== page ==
> offerings have XP as well as Vista.
    >
    > Like it or not, new OS's will always have problems with legacy hardware
    > and software. For consumers, this can be manageable In a corporate
    > environment, it's no small thing to have to upgrade even one application.
    > In many cases, it's just not possible. What is an acceptable cost to a
    > consumer is not to a corporation. Try multiplying that $40 upgrade cost by
    > 100 or 1,000 or even 10,000.... Add to that the manpower/hardware costs to
    > do the upgrades and it becomes *VERY* expensive *VERY* fast...
    >
    > I support a small Hospice in upstate NY. We have two critical applications
    > that the vendors will not support on Vista.
    >
    > Bottom line is that corporate acceptance of Vista is glacial compared to
    > the consumer market....
    >
    > --
    >
    > Regards,
    > Hank Arnold
    > Microsoft MVP
    > Windows Server - Directory Services


    Also look at the options, many consumer machines only offer VISTA as an OS
     
    Kevin Childers, Aug 11, 2007
    #6
  7. Kevin Childers

    S.Lewis Guest

    "Notan" <notan@ddressthatcanbespammed> wrote in message
    news:...
    > Joan F (MI) wrote:
    >> When I retired from the government in January 1998 they were just moving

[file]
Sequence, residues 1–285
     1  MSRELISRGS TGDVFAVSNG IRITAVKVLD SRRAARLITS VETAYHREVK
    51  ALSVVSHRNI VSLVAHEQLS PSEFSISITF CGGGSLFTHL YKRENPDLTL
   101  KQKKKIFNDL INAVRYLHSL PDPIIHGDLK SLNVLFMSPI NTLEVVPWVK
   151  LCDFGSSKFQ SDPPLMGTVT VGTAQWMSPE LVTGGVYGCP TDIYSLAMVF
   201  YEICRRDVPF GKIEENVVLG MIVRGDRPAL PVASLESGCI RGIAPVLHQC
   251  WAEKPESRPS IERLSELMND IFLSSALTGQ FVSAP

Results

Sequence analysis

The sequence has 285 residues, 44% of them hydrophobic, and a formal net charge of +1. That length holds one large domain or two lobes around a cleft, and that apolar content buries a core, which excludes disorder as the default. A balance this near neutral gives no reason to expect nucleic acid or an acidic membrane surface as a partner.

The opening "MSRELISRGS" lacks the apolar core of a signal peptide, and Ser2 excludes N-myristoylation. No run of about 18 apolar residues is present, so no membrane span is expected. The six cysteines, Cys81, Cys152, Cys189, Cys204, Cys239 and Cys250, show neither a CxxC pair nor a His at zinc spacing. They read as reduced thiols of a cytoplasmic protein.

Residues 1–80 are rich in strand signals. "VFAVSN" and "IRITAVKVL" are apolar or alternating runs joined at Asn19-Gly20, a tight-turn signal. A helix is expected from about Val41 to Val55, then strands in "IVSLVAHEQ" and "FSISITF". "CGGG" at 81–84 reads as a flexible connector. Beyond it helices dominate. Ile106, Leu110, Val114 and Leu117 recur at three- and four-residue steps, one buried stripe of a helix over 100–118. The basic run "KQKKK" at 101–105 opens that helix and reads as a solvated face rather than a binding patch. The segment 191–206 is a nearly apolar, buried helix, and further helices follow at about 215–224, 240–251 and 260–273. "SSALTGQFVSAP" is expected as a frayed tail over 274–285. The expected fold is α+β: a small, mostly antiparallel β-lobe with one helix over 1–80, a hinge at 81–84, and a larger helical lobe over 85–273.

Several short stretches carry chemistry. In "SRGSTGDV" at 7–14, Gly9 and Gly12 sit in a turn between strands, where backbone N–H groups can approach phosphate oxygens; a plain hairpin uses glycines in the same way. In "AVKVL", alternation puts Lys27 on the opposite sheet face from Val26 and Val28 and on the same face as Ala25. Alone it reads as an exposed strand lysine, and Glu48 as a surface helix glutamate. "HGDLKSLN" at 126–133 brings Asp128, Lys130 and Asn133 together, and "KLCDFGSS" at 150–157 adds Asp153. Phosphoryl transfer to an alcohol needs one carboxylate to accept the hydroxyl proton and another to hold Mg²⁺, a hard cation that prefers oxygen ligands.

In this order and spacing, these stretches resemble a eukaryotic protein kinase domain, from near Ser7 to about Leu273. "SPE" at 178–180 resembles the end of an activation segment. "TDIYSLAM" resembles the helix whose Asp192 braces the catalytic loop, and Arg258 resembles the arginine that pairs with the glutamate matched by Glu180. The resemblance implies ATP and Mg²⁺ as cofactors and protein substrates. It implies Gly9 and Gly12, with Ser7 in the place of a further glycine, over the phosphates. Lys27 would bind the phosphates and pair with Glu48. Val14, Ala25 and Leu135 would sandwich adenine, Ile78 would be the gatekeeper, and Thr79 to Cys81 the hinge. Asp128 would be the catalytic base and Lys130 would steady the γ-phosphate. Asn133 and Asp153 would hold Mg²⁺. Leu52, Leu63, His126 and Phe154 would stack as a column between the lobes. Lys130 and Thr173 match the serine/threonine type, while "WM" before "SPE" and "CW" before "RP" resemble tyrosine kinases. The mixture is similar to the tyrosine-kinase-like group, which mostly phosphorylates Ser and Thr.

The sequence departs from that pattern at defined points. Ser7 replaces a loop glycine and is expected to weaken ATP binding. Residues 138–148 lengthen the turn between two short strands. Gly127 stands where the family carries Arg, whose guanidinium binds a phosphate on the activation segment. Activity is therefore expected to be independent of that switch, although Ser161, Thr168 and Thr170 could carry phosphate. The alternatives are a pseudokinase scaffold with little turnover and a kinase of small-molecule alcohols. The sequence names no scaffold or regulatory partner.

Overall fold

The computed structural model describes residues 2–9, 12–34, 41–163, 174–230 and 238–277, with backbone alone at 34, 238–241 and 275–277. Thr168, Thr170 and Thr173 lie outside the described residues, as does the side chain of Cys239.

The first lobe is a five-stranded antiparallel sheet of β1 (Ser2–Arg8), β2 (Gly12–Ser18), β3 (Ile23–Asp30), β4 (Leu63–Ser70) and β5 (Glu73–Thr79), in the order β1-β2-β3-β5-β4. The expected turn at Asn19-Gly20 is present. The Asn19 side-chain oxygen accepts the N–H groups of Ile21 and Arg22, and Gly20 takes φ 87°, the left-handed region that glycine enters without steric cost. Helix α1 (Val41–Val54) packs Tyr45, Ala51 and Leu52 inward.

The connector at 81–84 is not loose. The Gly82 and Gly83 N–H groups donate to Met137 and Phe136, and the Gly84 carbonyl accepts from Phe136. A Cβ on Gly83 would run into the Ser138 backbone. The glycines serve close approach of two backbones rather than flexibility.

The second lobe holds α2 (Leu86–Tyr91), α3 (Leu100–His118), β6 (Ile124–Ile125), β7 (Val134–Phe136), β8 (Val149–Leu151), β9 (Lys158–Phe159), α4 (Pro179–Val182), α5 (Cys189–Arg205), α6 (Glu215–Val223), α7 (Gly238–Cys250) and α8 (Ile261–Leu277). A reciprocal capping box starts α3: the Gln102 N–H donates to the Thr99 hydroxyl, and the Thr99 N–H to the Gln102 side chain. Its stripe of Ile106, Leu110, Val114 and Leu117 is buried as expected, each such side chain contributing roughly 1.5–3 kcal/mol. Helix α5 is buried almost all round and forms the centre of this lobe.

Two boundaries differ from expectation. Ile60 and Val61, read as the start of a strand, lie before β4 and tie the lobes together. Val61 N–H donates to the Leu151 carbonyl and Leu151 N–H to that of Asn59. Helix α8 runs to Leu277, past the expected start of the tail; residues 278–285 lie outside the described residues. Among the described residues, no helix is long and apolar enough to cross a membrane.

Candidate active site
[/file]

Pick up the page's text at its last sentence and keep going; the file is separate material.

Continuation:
>> from DOS to Windows.

    >
    > <snip>
    >
    > The US Government living in the dark?
    >
    > Please, say it isn't so!
    >
    > --
    > Notan



    "It ain't so."

    Why do you hate freedom?

    -Stew
     
    S.Lewis, Aug 11, 2007
    #7
  8. Corporate IT departments are not installing Vista at this time (which is
    typical of ANY new operating system that has been out less than about a
    year). The CORPORATE sales organizations of ALL of the OEMs (Dell, HP,
    Gateway, even Toshiba) still offer XP. You won't find it at retail,
    however, with the possible sole exception of CompUSA.

    Kevin Childers wrote:
    > Spoke to one of HPs Road Warriors today. Helped him get set-up for some
    > sales event on the road and what not. He (an reportedly his coworkers) are
    > really happy with their brand new HP laptops. No surprise there, given
    > every sales guy loves a new toy, but the when I asked about the OS, it
    > wasn't VISTA. He said all of their new laptops are using XP. Sort of makes
    > you wonder. Is it a commentary on the learning curve for the sales staff,
    > simplicity and compatibility for the IT staff, or a negative commentary on
    > the current state of VISTA?
    >
    >
     
    Barry Watzman, Aug 11, 2007
    #8
  9. It's worth noting that while Hank's comments are entirely correct, they
    do not reflect on Vista but rather on the nature of ANY new operating
    system. XP was the same way.

    Hank Arnold (MVP) wrote:
    > Kevin Childers wrote:
    >> Spoke to one of HPs Road Warriors today. Helped him get set-up for some
    >> sales event on the road and what not. He (an reportedly his
    >> coworkers) are
    >> really happy with their brand new HP laptops. No surprise there, given
    >> every sales guy loves a new toy, but the when I asked about the OS, it
    >> wasn't VISTA. He said all of their new laptops are using XP. Sort of
    >> makes
    >> you wonder. Is it a commentary on the learning curve for the sales
    >> staff,
    >> simplicity and compatibility for the IT staff, or a negative